I’ve been away with Doug Richard at the #s4swales event helping start up businesses get better and better with digital marketing and over the last few days it hit me, you really can learn an awful lot about everything over three days but also you can’t teach everything in three hours!
Feedback from the event has been amazing, people have been tweeting praise, and the Welsh government has been happy – even ecstatic – and itis great to be involved in something which gives so much knowledge about marketing and business in such a small amount of time.
There was so much more I wanted to teach people, not just from an egotistical point of view, but because the internet and digital marketing has gone through a revolution over the past year. All which has changed the way we do great marketing and more importantly and rarely, all of it in favour of the small business. You see its now all about LOSOPHOMO.
Lo – location, so – social, pho – photography (and any use of the camera) and mo – mobile.
Let’s start with why this is an advertising revolution and why it is important.
You see your customers are hit with 1000′s of advertising messages a day, so they have become savvy consumers, wise in the world of marketing. Most of them (74%) don’t even believe the advertising they see. They are internet linked in, socially connected, potential brand assassins.
They have a dropping level of attention, they know more and more, they want things that are relevant not to just their demographic but to them personally. They want instant gratification. They can take or leave your products and brands – this is the reality of the consumer society – the consumer has the power. Into this customer focused – me orientated society we bring marketing. We bring digital marketing. We bring great marketing. We have to change with the times, we need to produce promotions that will persuade, and we must add value in our advertising. To do so – we must have more than pretty colours and clever words – we must think differently and use LOSOPHOMO.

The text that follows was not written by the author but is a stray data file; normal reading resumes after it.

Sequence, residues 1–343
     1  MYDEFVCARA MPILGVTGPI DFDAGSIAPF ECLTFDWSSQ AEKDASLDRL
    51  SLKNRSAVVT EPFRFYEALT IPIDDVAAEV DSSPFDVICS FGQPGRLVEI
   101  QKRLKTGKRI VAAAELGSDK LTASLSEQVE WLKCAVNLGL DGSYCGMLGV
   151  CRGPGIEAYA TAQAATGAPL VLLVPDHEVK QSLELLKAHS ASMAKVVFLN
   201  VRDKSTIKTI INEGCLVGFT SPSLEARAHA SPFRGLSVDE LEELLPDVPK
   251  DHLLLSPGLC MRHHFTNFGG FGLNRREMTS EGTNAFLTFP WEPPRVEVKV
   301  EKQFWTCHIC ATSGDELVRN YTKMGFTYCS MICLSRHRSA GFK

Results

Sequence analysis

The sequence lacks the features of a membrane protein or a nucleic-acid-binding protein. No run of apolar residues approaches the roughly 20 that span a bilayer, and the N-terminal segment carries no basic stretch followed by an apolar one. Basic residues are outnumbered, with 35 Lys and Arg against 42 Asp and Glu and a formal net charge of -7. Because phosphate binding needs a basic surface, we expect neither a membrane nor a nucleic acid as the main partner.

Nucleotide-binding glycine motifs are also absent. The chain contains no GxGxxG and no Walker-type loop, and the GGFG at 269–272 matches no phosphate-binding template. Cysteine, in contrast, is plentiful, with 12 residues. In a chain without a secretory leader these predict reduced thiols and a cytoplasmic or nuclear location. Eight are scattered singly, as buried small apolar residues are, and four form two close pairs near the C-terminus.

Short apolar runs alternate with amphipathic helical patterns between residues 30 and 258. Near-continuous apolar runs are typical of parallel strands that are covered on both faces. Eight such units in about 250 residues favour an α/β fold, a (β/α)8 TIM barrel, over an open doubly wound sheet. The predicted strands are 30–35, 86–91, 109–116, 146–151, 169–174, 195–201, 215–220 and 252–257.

LO – Location:
Without geo locational advertising, our consumer knows we don’t know enough about them. Why would I get an advert for something I can’t buy or for something I can’t buy now? Why give someone in London an advert for something they can only get in Manchester. Location is both in time and space. Why offer me something I can’t buy for a month? The nearer the offer in both time and space the more likely the sale. Hence, the potential of being able to advertise within certain locations digitally is such a powerful idea. Then you mix this with the potential of mobile GPS advertising and the world changes.